Thursday, March 26, 2009

Dinnertime battles

I have come to dread dinnertime. Lately I never know when I meal I make will meet with my children's approval. Fortunately for me, I've stopped caring!

Long ago I decided to stop being a short order cook; my girls would have to eat what I make, or not eat. I often modify what I serve them so that it was more palatable for them. For example, If I were making Balsamic chicken, I take some chicken out of the pan before adding the balsamic sauce. My standard rule is that they must try a bite, if they don't like it still, they can have a bowl of cereal but then no dessert. I think it is a pretty fair system. My children, usually Megan, don't agree.

The other night I made this yummy lime chicken taco recipe I found here. I served the girls theirs without the salsa and corn. Sarah ate her taco and didn't complain. I don't think she'll want to eat one again, but I was so proud of her for trying something new. Megan was a different story. She refused to eat it before she even saw it. She immediately requested a bowl of cheerios for her dinner. I told her that she had to try a bit of chicken first. She sat on the table complaining and refusing to eat anything.

By now the rest of us were done eating and I was cleaning up the kitchen. I told her that if she hadn't eaten anything by the time I was done, she would get nothing to eat until breakfast. Megan was steadfast in her pursuit of a bowl of cheerios. This was a battle of wills and I was determined not to back down. Little ms. headstrong finally decided that she would try the chicken. I popped a piece in her mouth, she chewed, swallowed and announced she didn't like it and said, "can I have my cheerios now?"

I reminded Megan that she would not be able to eat dessert later in the evening. Upon hearing that she told us that she would skip the cheerios and eat her dessert later. I reminded her that since she did not eat the dinner I made she can't have dessert. She was absolutely devastated and collapsed into a tantrum. She eventually came around and decided that she would eat her cheerios.

She ate the cheerios and the rest of the evening continued as usual, until just before bed. When her sister was having her dessert, Megan kept telling us that she was starving, "starving to death". She even fell out on the floor and played dead! The melodramatics continued for some time. She was being so noisy and difficult. When I asked her to stop talking so I could listen to the presidential news conference her response was, "If you give me dessert I'll stop". Oh sure, let me just give into an almost 5 year-old's irrational demands in the midst of a tantrum!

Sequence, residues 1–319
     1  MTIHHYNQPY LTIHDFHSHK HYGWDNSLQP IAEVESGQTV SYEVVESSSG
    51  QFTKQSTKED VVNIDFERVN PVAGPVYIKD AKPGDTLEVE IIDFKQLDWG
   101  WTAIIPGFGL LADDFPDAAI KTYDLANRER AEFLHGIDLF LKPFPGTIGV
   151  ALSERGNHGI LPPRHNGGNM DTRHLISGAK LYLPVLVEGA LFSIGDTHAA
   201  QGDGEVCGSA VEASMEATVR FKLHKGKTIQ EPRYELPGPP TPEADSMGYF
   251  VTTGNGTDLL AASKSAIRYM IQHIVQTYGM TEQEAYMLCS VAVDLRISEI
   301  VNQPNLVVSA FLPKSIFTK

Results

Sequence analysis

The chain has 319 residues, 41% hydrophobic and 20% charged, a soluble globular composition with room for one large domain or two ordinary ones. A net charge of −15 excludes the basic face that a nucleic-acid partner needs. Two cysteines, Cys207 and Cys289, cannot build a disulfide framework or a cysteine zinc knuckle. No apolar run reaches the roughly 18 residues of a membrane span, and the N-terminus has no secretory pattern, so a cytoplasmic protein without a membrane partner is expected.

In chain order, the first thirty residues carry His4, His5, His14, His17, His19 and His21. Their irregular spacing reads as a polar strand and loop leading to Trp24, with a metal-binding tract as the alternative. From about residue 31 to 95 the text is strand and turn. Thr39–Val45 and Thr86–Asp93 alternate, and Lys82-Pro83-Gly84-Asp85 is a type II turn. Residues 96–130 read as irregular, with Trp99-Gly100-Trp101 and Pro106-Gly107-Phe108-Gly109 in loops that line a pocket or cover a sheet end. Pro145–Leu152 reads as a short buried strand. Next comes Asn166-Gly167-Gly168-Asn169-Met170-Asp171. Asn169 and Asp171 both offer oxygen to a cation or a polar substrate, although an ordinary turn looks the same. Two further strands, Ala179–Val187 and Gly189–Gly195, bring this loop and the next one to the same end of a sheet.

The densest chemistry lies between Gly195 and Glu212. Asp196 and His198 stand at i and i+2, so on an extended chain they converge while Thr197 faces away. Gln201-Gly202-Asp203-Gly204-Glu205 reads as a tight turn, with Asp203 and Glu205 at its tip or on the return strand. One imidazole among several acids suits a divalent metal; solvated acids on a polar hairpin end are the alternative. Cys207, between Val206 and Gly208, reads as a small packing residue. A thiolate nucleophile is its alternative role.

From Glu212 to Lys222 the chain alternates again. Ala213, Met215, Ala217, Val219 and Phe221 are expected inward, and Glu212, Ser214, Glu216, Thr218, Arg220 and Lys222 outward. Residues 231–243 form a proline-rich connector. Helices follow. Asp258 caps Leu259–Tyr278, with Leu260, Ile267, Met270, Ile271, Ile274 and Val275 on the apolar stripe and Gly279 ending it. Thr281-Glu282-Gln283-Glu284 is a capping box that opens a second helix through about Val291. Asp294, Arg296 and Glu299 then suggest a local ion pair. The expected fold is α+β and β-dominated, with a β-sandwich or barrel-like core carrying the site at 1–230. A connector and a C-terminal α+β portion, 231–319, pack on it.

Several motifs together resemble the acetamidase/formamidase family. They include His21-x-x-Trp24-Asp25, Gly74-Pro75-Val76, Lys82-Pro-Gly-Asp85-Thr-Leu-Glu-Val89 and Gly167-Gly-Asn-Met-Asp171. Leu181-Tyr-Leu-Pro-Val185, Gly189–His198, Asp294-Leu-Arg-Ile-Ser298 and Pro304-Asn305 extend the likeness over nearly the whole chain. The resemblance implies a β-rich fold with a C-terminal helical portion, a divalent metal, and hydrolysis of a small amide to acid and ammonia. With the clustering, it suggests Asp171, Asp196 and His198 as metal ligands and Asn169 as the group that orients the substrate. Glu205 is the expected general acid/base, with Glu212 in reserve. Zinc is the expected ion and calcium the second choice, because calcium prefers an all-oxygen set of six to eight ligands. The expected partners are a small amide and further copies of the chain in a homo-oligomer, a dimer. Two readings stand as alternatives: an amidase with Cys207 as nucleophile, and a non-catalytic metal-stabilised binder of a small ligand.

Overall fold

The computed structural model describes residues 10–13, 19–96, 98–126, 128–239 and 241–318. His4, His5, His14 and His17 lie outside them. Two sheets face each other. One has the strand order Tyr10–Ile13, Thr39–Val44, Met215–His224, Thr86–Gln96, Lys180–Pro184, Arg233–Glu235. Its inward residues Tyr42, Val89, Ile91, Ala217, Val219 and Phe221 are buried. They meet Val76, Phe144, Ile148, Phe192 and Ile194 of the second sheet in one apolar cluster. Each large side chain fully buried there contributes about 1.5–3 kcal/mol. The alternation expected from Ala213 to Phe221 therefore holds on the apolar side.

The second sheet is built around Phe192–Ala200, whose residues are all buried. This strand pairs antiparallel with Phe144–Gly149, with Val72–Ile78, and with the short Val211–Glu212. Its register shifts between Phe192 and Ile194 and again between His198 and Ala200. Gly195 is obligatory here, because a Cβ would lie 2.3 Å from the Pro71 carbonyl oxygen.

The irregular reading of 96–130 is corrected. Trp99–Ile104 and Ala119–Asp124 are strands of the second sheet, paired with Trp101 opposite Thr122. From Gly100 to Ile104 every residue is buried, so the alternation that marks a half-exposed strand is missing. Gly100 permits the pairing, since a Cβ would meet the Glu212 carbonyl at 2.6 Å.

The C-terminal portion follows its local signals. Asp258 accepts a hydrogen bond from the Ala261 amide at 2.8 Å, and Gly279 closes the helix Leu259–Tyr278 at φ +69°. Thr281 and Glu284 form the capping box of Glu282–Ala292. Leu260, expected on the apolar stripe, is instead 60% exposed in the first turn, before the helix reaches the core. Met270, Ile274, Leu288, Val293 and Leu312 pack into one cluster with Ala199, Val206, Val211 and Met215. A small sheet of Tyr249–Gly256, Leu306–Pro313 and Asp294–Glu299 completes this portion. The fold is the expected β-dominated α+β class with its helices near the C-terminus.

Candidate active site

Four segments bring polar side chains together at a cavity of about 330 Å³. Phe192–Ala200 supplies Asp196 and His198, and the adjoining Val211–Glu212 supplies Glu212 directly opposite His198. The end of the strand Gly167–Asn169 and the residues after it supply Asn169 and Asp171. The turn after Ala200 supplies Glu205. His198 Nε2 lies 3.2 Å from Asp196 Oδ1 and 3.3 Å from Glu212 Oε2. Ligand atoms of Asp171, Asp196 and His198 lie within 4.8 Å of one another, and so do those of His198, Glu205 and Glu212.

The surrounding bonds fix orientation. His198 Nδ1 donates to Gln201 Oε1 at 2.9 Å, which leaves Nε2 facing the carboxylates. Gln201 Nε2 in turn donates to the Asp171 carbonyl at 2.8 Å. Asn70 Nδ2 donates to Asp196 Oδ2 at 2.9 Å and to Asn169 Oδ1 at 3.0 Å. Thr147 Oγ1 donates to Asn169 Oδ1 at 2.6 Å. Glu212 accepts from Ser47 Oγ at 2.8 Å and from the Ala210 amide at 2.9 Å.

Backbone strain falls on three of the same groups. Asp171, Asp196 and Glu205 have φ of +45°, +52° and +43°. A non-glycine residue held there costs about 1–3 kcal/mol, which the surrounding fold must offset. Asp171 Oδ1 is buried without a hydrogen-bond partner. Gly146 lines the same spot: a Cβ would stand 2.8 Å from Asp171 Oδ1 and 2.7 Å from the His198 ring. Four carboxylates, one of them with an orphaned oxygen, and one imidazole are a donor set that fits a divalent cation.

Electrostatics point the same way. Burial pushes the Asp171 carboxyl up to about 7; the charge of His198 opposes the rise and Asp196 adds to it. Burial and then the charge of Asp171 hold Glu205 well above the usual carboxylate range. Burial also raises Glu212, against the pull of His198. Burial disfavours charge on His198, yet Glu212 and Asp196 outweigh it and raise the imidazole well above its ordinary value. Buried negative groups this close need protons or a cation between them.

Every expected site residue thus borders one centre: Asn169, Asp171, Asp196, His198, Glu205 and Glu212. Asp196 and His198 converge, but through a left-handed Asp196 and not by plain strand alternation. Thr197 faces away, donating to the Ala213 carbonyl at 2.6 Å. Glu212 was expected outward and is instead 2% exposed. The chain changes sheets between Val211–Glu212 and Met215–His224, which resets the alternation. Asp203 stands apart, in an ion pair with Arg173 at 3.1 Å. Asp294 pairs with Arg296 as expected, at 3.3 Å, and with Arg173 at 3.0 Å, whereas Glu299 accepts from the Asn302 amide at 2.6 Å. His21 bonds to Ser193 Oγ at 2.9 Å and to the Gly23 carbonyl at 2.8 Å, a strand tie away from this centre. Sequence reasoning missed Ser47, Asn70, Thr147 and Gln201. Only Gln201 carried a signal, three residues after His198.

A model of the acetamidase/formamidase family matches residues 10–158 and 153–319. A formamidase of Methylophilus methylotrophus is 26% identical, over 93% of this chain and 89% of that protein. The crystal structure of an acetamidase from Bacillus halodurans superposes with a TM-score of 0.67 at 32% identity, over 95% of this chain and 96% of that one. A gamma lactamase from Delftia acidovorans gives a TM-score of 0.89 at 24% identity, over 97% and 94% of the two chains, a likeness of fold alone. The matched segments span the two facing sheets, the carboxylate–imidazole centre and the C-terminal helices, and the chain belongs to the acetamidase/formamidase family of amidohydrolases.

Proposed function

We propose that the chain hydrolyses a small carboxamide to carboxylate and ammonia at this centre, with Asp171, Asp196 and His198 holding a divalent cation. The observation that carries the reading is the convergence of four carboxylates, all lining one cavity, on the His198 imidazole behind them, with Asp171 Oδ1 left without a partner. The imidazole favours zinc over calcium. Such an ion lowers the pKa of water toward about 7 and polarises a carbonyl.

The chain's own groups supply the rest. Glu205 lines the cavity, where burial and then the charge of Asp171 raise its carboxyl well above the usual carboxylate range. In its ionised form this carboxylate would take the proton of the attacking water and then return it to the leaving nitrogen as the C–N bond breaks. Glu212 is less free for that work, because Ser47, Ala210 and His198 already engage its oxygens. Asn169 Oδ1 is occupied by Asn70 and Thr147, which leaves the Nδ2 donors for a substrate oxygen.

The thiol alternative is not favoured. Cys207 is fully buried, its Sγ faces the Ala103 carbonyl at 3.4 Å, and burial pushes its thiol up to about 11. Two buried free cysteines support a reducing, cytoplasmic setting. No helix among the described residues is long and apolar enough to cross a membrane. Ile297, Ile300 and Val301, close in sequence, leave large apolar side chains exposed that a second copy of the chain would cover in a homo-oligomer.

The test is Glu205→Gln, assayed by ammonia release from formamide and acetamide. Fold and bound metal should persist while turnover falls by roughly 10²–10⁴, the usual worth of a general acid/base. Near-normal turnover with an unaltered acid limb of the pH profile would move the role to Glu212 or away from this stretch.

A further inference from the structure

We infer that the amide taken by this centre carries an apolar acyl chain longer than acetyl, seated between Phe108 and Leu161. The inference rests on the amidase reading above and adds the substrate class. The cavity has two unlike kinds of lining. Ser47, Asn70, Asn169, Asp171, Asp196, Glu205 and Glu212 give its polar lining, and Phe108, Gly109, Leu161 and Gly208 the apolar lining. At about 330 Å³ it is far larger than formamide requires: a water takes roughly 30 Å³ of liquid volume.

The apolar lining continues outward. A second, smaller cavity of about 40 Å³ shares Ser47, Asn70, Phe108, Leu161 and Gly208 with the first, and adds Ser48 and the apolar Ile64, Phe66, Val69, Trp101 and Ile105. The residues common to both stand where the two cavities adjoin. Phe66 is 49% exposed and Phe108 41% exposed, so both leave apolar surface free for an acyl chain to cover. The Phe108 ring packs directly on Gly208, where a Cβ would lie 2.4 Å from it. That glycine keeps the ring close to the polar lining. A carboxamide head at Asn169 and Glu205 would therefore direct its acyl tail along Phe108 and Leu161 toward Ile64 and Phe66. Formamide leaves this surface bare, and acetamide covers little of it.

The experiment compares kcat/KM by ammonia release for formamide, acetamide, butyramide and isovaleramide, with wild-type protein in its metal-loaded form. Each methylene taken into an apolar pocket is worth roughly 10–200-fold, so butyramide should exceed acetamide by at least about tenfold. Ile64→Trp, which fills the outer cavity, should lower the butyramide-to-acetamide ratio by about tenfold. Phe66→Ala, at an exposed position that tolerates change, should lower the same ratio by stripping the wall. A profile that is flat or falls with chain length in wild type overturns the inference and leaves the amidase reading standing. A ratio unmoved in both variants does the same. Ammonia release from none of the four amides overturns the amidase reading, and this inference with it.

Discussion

She eventually calmed down and crawled into my lap. Within 10 minutes she was fast asleep. I have a feeling that Megan is really struggling with this whole growing up thing. She is desperately trying to hold onto being a little kid and trying so hard not to grow up, but then at times wanting to be a big girl. I know that this roller coaster ride has only just begun so we have a long road ahead of us. It may kill us both!


Anonymous said...

I have a similar policy. I really encourage the kids to at least TRY the dinner (and I make similar modifications to make it more palatable to them). They don't HAVE to try it, but if they don't, then no dessert. They are allowed to go right to cereal (and yup, it's usually a bowl of Cheerios in our house) without trying, but then no dessert.

They are allowed to still get dessert after the cereal if they gave the dinner a decent try, though.

They're pretty good about it - my oldest (9) will almost always eat whatever I make for dinner, and my middle guy (6) is really good about at least trying it. But we also have a youngest "princess" that, more often that not, refuses to even try and goes straight to cereal.

Beth at I Should Be Folding Laundry said...

Good for you on not being a short order cook. I gave that up years ago and my kids, my husband and I all eat the same meal every night. They try everything! It's wonderful, but it took us a while to get here.

Best of luck.